Expansion of prioritized examination
Blog by Under Secretary of Commerce for Intellectual Property and Director of the USPTO Andrei Iancu, and Commissioner for Patents Drew Hirshfeld
Innovation and the protection of it are hallmarks of America’s competitive edge. To help businesses and innovators move through the patent process quickly so they can make informed decisions on developing and marketing more of their products and services, the Leahy-Smith America Invents Act (AIA) established the Track One program. This program provides for the prioritized examination of patent applications.
The program works extremely well. As shown on our Patents Dashboard, the average pendency from filing a Track One request to a first office action has been 3.0 months in fiscal year 2019. Customers who took advantage of the program during the same period received, on average, final disposition within 7.8 months. For businesses and inventors who need to have their applications examined quickly, the Track One program offers a great solution.
The AIA originally stipulated that the United States Patent and Trademark Office (USPTO) could not grant more than 10,000 requests for Track One prioritized examinations in any fiscal year. To meet the needs of our stakeholders, we recently issued regulations to increase the number of Track One requests that we could grant. Effective September 3, we increased the limit to 12,000 each fiscal year, as detailed in our Federal Register Notice.
Shortly after issuing that notice, the USPTO granted its 10,000th Track One request for fiscal year 2019 and continued processing additional requests throughout the remainder of the fiscal year. The higher limit provides the opportunity for more interested stakeholders to participate in, and benefit from, prioritized examination in the cases they deem appropriate. With respect to the Patent Office as a whole, as we recently announced, the USPTO improved overall pendency to an average of 14.7 months for first office actions and 23.8 months total. This program allows even faster action in cases applicants select based on their own needs.
Applicants have embraced the Track One program due to the speed with which the applications are handled and the high-quality examinations that they receive. The USPTO remains committed to meeting the needs of our applicants through innovative programs such as this, and will continue its work to improve the experience of those who come before us.
USPTO meets critical goals to reduce patent examination pendency
Blog by Under Secretary of Commerce for Intellectual Property and Director of the USPTO Andrei Iancu and Commissioner for Patents Drew Hirshfeld
For many years, the United States Patent and Trademark Office (USPTO) has been working to reduce patent pendency times. And since 2018, the agency has had specific goals of under 15 months for first office actions and under 24 months for total pendency, on average.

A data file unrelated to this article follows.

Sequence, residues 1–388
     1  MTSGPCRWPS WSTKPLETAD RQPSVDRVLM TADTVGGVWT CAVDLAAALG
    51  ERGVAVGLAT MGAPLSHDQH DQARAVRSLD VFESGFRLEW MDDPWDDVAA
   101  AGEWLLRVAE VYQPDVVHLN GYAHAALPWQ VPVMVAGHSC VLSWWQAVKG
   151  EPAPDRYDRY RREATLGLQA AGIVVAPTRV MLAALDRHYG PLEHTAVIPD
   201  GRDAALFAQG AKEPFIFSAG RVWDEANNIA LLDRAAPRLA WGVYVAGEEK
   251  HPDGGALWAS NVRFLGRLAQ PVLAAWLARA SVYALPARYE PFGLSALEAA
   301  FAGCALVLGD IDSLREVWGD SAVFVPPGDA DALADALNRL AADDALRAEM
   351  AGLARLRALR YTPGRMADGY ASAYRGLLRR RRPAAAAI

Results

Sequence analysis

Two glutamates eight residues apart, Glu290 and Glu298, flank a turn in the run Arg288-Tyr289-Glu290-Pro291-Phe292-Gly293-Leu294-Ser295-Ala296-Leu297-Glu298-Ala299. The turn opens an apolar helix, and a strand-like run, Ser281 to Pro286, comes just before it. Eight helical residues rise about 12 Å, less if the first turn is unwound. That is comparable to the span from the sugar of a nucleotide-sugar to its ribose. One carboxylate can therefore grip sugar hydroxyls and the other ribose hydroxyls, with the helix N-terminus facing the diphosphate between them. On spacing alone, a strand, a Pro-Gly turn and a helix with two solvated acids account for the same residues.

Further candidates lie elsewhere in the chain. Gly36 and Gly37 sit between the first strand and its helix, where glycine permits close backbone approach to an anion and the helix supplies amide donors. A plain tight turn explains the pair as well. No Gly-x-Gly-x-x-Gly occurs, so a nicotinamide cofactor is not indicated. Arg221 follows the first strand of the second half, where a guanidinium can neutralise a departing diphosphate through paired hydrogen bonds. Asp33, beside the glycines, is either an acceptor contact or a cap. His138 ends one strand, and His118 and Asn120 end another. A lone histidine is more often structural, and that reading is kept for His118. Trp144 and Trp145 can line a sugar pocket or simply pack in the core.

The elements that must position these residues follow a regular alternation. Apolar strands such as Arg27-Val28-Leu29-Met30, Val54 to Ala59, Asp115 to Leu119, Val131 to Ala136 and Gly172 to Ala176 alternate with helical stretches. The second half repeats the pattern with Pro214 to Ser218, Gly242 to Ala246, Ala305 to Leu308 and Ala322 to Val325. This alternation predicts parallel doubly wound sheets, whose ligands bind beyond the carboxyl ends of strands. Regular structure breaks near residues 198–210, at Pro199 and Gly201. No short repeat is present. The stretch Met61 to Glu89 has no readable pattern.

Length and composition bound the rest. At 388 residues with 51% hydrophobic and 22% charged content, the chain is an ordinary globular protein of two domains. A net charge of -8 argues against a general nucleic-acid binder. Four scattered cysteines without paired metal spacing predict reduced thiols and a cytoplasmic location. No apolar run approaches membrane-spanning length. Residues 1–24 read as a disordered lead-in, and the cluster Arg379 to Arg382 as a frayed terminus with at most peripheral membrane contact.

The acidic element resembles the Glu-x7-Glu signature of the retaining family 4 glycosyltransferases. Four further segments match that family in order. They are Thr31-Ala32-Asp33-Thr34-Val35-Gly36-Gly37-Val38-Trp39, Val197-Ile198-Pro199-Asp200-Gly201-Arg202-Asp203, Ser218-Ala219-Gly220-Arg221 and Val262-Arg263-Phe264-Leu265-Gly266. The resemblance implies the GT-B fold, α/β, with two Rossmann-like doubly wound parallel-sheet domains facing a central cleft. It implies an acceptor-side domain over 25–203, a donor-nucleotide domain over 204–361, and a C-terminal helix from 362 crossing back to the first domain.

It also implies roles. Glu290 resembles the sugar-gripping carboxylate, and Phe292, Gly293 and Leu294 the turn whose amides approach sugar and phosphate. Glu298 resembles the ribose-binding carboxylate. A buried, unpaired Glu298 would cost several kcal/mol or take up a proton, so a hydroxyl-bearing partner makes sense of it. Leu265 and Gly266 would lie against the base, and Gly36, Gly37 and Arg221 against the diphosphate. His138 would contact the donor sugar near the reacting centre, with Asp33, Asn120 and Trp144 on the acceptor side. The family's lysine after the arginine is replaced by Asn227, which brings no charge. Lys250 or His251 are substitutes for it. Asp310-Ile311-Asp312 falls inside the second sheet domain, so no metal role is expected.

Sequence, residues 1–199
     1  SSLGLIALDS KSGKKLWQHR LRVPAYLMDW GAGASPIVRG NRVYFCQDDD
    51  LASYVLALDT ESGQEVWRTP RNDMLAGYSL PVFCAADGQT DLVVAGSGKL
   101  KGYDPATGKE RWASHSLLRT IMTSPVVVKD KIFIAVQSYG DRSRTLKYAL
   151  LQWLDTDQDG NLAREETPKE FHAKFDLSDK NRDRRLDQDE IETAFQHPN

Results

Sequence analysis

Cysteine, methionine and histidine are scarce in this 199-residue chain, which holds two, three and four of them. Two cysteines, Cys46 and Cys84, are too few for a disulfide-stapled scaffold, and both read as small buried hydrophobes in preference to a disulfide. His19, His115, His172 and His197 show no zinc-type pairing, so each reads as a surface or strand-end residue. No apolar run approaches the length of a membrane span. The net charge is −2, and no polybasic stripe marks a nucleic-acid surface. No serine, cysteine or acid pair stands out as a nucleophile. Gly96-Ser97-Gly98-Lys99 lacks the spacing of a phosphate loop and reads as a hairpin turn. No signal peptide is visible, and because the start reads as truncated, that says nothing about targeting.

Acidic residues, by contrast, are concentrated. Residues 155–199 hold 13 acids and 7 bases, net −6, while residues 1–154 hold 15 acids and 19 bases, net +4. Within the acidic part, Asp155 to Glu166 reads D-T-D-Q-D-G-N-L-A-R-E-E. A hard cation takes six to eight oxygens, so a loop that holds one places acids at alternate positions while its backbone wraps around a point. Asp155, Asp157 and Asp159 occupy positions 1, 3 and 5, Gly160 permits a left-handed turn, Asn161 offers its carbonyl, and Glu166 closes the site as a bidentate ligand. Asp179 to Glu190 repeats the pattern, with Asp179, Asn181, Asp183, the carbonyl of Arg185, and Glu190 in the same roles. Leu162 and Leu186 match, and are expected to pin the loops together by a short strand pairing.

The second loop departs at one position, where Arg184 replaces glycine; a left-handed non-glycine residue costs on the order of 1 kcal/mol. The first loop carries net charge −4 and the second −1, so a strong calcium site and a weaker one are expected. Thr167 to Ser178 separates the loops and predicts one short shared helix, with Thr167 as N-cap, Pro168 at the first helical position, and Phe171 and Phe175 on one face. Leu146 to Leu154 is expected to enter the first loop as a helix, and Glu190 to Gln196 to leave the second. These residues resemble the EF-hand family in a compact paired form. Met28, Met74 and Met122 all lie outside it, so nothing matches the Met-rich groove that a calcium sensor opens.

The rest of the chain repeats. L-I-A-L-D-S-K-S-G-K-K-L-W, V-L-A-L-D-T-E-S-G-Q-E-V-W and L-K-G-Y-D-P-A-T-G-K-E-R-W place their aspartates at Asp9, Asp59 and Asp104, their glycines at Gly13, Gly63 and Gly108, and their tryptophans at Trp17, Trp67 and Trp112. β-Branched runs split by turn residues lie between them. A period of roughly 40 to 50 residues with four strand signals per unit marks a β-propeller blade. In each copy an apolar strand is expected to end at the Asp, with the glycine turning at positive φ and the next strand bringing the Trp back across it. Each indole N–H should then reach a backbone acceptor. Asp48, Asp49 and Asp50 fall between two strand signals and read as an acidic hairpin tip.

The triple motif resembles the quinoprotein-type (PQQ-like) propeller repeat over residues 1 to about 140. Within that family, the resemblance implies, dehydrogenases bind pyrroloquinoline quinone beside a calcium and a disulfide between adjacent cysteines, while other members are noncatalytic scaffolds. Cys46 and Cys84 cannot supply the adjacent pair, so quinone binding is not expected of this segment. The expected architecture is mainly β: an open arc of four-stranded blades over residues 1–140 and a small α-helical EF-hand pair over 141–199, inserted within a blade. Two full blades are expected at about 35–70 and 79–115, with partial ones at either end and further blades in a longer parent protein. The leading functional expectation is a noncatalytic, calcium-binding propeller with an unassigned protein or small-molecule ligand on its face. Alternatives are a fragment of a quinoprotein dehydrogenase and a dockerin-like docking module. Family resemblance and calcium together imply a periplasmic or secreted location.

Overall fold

We have now achieved these goals! As of September 30, 2019, which is the end of our 2019 fiscal year (FY), the averages are 14.7 months for first action pendency and 23.8 months for total pendency. All along, we have maintained and indeed improved the quality of our examination. This achievement marks the USPTO’s lowest first action pendency since January 2002, despite total application filings nearly doubling in that time, from 353,000 in FY 2002 to 667,000 in FY 2019.
Our success in meeting these goals is the direct result of the efforts of our employees, at all levels, to drastically improve analyses, streamline processes, and clarify approaches that benefit all applications. At the patent examining level, supervisors and examiners undertook and implemented complex data analyses to better prioritize applications and balance workloads without sacrificing quality. At the application processing level, the team focused on increasing efficiencies to accelerate the overall patent examination process. These actions led, for example, to a decrease in the average processing time for an amendment filed in a patent application from 26.2 days to 6.8 days. And, of course, we increased the examiner ranks and we improved examiner training so that today the USPTO boasts the best examining corps anywhere in the world.
But our work does not stop here. We will in fact redouble our efforts to optimize pendency using considered analytics that make sense. Among other changes, we are improving how cases are routed to the right examiner and how time is allocated to each examiner based on a number of factors. And we will focus on areas that need most attention and strive to meet in as many cases as possible the time frames outlined by the patent term adjustment statute (35 U.S.C. 154b). This means, for example, issuing a first office action in as many applications as possible in no more than 14 months.